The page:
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How To Have More Common Sense

Recently by James Altucher: Are You a Dirty Entrepreneur?

A lot of people who know me personally think I have ZERO common sense. For instance, Claudia says, “you went to freakin’ Carnegie-Mellon for a PhD and you can’t figure out how to operate a coffee machine”. To which I have two things to say:

A) I was thrown out of Carnegie Mellon’s grad school and as anyone there can attest I was easily the least competent person in my year. Of the 8 classes I attended in two years I failed seven of them and got a B– in one of them.

B) You are not fooling anyone when you say “freakin’”. I know EXACTLY what you mean.

C) Making a cup of coffee using a coffee machine involves about five or six different steps using various chemical compounds in the right combination. It’s not as easy as the box claims. I can’t just turn on a button and have a cup of coffee.

And I know I said “two things” but I wrote “three”. So?

I get stressed so much during the day. Probably because of all the coffee I drink. But it seems like there are some basic common sense rules that would make me a little less stressed.

A) Don’t Dance. And that doesn’t mean I can’t turn up a little tango music, grab Claudia, and start swinging her around. That might be fun, it would surprise her and make her laugh, unless I swung her into a wall, in which case she would cry. But it wouldn’t be my fault. Since I never take credit for anything bad.

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What “Don’t Dance” means is “do not respond in anger to the people who are trying to provoke you.” And you know who they are. People ask me, “What if it’s your mother/spouse/boss/friend.” Let me tell you something: It’s ONLY those people. Else you wouldn’t care.

I’ve gotten three emails and at least one directed blog post that have tried to provoke me in the past few days. One of them I “danced” with. I responded to all the accusations, some of them 20 years old (“historical equals hysterical”) and the only end result is that ten emails went back and forth and I’m still angry. The rest of the emails, and the blog post about me, I ignored. And now I don’t think of them. When I woke up this morning, though, I thought of the one email I had initially responded to and I was already getting mad. I put it in my mental Spam folder (I labeled it “not useful” as per my “Power of Negative Thinking” – that technique very much works for me) and then I forced Claudia at gunpoint to make me a cup of coffee.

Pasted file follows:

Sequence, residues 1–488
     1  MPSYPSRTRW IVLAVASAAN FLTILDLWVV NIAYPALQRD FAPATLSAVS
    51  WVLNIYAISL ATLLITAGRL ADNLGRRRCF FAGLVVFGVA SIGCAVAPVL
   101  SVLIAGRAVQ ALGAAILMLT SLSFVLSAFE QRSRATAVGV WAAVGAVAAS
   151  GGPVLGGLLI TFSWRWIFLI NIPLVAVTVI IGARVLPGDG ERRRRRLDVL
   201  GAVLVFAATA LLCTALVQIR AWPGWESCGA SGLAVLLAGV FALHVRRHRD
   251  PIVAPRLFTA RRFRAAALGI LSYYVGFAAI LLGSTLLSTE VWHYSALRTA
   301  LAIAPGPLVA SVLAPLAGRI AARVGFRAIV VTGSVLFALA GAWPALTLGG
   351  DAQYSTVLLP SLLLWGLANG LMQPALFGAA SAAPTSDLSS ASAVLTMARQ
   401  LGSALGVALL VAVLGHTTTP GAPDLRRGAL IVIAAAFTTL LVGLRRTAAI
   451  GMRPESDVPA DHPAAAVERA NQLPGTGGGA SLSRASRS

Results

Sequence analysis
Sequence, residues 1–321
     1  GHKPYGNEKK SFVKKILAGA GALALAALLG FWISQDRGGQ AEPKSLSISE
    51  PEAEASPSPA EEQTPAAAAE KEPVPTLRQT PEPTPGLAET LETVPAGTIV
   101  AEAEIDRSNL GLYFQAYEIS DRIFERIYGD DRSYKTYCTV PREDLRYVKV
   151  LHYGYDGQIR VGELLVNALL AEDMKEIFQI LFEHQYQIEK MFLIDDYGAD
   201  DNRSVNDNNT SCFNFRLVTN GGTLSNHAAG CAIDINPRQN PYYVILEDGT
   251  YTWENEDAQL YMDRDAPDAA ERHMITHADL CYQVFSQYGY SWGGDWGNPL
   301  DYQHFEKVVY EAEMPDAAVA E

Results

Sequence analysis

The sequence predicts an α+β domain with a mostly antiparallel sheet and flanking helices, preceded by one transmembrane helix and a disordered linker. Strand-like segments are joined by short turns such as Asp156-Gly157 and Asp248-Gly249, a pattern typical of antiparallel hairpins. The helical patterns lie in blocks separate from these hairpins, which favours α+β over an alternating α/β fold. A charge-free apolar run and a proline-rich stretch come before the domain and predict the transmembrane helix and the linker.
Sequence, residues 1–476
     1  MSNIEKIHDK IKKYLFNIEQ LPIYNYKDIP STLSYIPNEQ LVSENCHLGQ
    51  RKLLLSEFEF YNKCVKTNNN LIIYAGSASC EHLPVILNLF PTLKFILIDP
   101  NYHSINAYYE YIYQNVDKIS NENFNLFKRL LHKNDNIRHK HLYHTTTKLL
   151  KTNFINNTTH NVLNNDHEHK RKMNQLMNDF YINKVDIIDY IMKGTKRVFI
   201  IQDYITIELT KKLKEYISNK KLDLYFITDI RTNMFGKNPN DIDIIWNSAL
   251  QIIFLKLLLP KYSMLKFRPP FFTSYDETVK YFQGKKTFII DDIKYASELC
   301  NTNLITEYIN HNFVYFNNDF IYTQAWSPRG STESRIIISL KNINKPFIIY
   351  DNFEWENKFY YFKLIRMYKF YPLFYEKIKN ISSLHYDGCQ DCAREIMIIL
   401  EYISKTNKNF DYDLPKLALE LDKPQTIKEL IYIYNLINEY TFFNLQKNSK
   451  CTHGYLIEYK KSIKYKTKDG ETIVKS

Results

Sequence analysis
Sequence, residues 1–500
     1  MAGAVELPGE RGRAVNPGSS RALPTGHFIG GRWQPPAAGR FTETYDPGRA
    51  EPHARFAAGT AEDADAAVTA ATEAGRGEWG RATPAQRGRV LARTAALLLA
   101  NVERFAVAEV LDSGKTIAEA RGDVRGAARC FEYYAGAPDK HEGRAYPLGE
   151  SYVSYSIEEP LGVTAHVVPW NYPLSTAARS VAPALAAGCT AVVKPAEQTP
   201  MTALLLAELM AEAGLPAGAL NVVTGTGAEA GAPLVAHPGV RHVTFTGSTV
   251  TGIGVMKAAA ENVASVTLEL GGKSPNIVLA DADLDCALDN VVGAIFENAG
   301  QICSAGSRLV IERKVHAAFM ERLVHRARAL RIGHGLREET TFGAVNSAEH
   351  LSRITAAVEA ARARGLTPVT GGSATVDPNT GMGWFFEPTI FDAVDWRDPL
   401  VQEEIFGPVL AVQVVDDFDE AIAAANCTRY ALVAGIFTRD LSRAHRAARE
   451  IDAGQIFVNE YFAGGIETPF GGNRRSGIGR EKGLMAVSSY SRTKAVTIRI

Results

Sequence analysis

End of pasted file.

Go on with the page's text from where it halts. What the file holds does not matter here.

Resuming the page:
Getting angry accomplishes nothing. You can never win an argument with people who are irrational. You’re never going to win an argument with your boss, for instance. Or with an investor. Or with a customer. Or with a relative. It just won’t happen. They are always right. So common sense is to ignore them as much as possible and you will be happy. It’s one of those things where you can say, “On your deathbed are you really going to wish you had just responded to that one email one more time?”

Related to this: Don’t Judge. Let’s say someone treats you bad in a store. It’s a gut reflex to get angry at them. But what if their wife just left them? Or their kids just got pregnant. With each other. Who knows? Anything can happen. You don’t know anything about them. Again, on your deathbed are you going to say, “I really hate that guy at the cupcake store who dropped my cupcake.”